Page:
What Type Am I?: Discover Who You Really Are by Renee Baron
Written by one of the co-authors of the introductory primer of The Enneagram Made Easy, this one has a lot of the same features — cartoons, quizzes, and the like — to demystify this typing system.
Please Understand Me II, by David Keirsey
This is one of the classics, first written in 1978, and it’s a little heavy, but if you want to take a deep dive into the MBTI, it’s a good place to go. It brings a Jungian perspective to the sixteen types and groups them into four archetypes.
I’m Not Crazy, I’m Just Not You: The Real Meaning Of The 16 Personality Types by Roger R Pearmna And Sarah C Albritton
When I first discovered Myers-Briggs about 20 years ago, it was genuinely life-changing, and this title illustrates why. This book is focussed on how our individual personalities impact our interactions with other people.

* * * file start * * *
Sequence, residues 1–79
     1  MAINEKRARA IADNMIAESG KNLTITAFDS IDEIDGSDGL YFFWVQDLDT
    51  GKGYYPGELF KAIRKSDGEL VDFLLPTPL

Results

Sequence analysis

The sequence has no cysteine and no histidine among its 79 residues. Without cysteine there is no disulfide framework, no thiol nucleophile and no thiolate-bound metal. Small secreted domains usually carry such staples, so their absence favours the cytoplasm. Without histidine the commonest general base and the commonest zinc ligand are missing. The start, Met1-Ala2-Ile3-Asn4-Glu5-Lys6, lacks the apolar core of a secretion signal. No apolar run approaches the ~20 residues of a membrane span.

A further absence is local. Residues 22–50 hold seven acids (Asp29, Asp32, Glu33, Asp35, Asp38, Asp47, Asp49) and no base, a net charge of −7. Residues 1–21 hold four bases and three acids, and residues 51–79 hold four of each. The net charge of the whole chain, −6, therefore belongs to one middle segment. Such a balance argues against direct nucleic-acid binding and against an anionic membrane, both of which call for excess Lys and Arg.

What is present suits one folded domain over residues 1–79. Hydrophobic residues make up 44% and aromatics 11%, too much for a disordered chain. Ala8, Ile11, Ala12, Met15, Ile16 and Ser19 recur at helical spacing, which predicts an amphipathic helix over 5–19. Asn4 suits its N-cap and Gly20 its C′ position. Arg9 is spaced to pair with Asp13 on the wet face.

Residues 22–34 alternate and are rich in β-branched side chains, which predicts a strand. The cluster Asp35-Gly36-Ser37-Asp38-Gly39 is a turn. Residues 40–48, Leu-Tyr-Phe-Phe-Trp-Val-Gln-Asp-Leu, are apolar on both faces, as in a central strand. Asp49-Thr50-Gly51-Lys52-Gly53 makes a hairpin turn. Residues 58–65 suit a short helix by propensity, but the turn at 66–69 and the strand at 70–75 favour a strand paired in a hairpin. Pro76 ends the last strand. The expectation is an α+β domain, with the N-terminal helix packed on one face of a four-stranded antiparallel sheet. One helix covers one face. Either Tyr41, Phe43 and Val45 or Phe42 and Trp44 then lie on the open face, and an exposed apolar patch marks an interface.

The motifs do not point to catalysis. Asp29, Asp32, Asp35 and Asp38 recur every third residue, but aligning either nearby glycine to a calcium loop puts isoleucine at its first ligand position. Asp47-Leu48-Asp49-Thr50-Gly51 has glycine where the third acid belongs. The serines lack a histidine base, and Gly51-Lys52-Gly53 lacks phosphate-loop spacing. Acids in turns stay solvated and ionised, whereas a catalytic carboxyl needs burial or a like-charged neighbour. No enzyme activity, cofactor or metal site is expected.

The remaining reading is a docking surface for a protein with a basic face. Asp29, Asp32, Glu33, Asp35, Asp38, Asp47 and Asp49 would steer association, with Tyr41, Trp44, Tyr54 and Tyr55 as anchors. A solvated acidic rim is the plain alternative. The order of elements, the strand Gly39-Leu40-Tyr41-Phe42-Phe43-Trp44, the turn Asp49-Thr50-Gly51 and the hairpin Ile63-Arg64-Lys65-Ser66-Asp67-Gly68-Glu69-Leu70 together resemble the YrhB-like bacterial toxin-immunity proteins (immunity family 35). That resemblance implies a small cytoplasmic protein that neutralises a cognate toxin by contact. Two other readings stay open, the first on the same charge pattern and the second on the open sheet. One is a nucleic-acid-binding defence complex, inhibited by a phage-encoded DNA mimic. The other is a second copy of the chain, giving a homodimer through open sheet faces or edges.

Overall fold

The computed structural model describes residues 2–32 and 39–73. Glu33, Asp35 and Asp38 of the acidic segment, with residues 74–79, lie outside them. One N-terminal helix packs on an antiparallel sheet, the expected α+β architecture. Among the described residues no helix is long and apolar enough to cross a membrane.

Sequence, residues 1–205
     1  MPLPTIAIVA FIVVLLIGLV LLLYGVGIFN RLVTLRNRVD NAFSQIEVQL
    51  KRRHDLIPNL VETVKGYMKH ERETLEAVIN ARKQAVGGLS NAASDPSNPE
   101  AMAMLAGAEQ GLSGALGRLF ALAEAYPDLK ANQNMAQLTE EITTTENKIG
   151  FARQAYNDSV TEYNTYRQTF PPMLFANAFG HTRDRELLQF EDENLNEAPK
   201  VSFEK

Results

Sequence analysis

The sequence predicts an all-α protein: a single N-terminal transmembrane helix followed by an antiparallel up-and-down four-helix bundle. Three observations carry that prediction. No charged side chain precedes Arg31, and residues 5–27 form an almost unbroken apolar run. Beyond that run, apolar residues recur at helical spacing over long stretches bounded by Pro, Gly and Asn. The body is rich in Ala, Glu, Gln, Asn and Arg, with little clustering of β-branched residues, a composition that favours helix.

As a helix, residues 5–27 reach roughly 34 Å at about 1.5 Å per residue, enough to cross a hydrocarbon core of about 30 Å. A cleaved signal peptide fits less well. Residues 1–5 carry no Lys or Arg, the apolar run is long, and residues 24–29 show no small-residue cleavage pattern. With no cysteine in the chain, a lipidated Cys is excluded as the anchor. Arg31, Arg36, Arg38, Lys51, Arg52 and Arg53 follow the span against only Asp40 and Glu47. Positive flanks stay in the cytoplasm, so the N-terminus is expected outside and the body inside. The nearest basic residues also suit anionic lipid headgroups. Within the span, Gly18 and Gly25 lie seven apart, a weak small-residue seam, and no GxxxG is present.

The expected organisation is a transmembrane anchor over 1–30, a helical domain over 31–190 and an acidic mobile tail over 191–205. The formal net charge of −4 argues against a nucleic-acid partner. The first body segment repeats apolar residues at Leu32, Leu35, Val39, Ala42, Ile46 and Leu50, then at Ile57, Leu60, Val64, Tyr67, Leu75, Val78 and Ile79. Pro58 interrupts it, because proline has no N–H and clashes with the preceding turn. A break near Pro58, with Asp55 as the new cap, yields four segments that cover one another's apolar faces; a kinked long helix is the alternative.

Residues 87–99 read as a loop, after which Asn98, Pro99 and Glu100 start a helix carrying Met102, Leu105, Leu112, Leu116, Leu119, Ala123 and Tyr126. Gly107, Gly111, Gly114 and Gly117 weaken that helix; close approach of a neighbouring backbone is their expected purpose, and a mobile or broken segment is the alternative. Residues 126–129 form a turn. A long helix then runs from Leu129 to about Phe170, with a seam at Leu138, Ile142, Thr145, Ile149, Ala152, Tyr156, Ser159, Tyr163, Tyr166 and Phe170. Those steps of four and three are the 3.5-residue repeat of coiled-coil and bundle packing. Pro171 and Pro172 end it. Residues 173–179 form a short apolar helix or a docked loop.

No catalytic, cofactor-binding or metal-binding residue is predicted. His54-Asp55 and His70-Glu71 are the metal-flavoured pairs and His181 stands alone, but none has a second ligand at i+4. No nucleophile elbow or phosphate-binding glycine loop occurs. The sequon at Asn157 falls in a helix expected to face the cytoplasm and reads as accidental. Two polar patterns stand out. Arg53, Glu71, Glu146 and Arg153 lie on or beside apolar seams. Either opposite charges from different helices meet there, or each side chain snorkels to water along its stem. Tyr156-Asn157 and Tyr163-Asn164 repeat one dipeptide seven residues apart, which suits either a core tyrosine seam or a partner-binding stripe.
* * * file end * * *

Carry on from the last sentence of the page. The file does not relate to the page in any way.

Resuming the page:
Other Personality Books
The Five Love Languages by Gary Chapman
This book has helped countless people understand the dynamics of their romantic relationships and friendships. It argues that people give love in the way they like to receive it, but that’s not the same for everyone, which can lead to mismatched expectations. Gary Chapman groups expressions of love into five types: words of affirmation, physical touch, acts of service, quality time, and gifts. It’s a great tool for helping you build stronger relationships of all kinds.
Strengths Finder 2.0 by Tom Rath